Essential Prince: His Best, Most Overlooked Albums - Rolling Stone
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Essential Prince: His Best, Most Overlooked Albums

From pop landmarks to funk odysseys and beyond

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Prince performs live at the Fabulous Forum on February 19, 1985 in Inglewood, California.

Michael Ochs Archives/Getty

Prince‘s artistry spanned six decades, multiple genres and several hundred songs under his own name and pseudonyms. Even for a hardcore fan, his discography is one of the most daunting of any modern pop star. Here we present 16 albums that are essential to any collection.


Dirty Mind (1980)
For his third album and first masterpiece, he wanted to be more deliberately me, he told Rolling Stone at the time. So he stripped down his sound, and for the album cover, he stripped down to his underwear. Recorded at his home on Lake Minnetonka, outside Minneapolis (where he knocked out several songs in one night), Dirty Mind targeted New Wavers as much as funkateers. The sound was manic and spacious at the same time, and the songs were packed with sexual obsession. Prince euphorically sang about taboo subject matter: a threesome in “When You Were Mine,” incest in “Sister,” an all-races-welcome orgy in “Uptown” and the self-explanatory “Head,” in which a virgin bride goes down on him on the way to her wedding. But his orgiastic utopia was a friendly place – that virgin bride from “Head”? He marries her. And his party was just getting started.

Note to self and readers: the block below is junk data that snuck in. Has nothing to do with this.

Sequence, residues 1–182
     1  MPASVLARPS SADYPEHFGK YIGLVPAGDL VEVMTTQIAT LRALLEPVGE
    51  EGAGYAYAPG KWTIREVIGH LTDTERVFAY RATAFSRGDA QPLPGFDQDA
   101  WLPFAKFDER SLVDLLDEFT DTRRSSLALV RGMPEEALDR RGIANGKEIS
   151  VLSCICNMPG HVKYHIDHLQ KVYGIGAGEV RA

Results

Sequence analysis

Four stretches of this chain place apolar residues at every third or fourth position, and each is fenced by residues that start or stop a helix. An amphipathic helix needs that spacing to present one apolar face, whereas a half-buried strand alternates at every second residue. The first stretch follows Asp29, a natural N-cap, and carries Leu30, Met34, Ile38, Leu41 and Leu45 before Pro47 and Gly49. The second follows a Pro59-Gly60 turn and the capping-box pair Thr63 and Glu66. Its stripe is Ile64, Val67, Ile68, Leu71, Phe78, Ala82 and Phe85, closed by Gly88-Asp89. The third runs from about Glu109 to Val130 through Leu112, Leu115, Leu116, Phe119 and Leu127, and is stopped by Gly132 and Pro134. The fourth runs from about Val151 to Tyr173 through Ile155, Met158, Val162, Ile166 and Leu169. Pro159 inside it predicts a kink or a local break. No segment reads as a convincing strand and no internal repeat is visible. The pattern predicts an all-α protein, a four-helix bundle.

1999 (1982)
Though 1999 was credited to Prince and the Revolution, he was still essentially recording as a one-man band. “He wanted a movement instead of just a band,” said guitarist Dez Dickerson. He got it. Prince danced on the edge of the world on “1999,” made his vulnerability into a sex brag on “Little Red Corvette,” paid his way with his tears on “Lady Cab Driver,” made rockabilly modern with “Delirious” and perfected a drum-machine sound that made this one of the most influential records of its time.

Purple Rain (1984)
After 1999 gave him two Top 10 hits, Prince wanted more. So for the soundtrack to his semi-autobiographical blockbuster movie, he turned up his guitar and scored two Number One singles: first, the Freudian mystery dance “When Doves Cry,” and then the glam-garage rocker “Let’s Go Crazy.” Purple Rain was his first real band album (the title track was recorded live at his hometown club First Avenue), and from the gospel preaching that opens the LP (“We are gathered here today to get through this thing called life”) to the baptismal blessings of “Purple Rain” at the end, his spiritual and erotic fusion was never louder, or bigger.

Sign ‘O’ the Times (1987)
A kaleidoscopic double LP, with almost every song a shape-shifter: The panty-dropping “Hot Thing” opened up into psychedelic horn and synth melodies; garage-rock mash notes like “I Could Never Take the Place of Your Man” launched mystical guitar journeys. The spare title track was a tour of the headlines (AIDS, drugs, gangs) that went to Number Three; “U Got the Look” was hecka-slammin’ pop mastery. But small gems like the one-man gospel call-and-response of “Forever in My Life” made his genius seem inexhaustible. One of the best albums of the Eighties.

Further Listening

Parade (1986)